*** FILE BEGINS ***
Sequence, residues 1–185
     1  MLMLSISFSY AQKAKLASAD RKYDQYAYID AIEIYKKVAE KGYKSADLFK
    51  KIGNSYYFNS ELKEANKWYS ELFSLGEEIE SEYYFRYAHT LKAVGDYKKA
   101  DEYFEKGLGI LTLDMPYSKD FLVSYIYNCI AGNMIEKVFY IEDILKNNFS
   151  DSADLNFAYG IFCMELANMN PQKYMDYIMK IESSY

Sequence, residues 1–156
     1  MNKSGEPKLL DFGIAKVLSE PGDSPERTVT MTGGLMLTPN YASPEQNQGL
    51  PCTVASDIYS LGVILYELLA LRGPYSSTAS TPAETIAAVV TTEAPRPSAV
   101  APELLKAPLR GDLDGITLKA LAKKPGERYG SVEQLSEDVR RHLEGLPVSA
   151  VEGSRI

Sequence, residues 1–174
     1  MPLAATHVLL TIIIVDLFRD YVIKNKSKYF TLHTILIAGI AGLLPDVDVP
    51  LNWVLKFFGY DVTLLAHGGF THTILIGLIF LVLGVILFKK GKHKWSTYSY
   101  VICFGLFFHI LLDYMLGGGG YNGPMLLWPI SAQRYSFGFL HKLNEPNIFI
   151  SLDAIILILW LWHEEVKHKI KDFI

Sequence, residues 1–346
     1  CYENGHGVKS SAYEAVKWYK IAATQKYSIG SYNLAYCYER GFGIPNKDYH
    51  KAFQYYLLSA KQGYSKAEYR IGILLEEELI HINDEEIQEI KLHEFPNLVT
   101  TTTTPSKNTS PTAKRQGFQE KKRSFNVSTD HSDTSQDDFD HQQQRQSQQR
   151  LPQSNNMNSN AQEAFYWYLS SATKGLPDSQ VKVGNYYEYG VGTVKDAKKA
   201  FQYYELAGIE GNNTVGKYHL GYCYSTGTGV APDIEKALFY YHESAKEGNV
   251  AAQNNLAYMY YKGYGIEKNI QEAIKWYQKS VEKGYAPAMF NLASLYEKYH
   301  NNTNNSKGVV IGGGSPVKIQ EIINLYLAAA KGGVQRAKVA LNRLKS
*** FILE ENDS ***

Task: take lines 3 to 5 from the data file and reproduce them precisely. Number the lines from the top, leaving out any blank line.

    51  KIGNSYYFNS ELKEANKWYS ELFSLGEEIE SEYYFRYAHT LKAVGDYKKA
   101  DEYFEKGLGI LTLDMPYSKD FLVSYIYNCI AGNMIEKVFY IEDILKNNFS
   151  DSADLNFAYG IFCMELANMN PQKYMDYIMK IESSY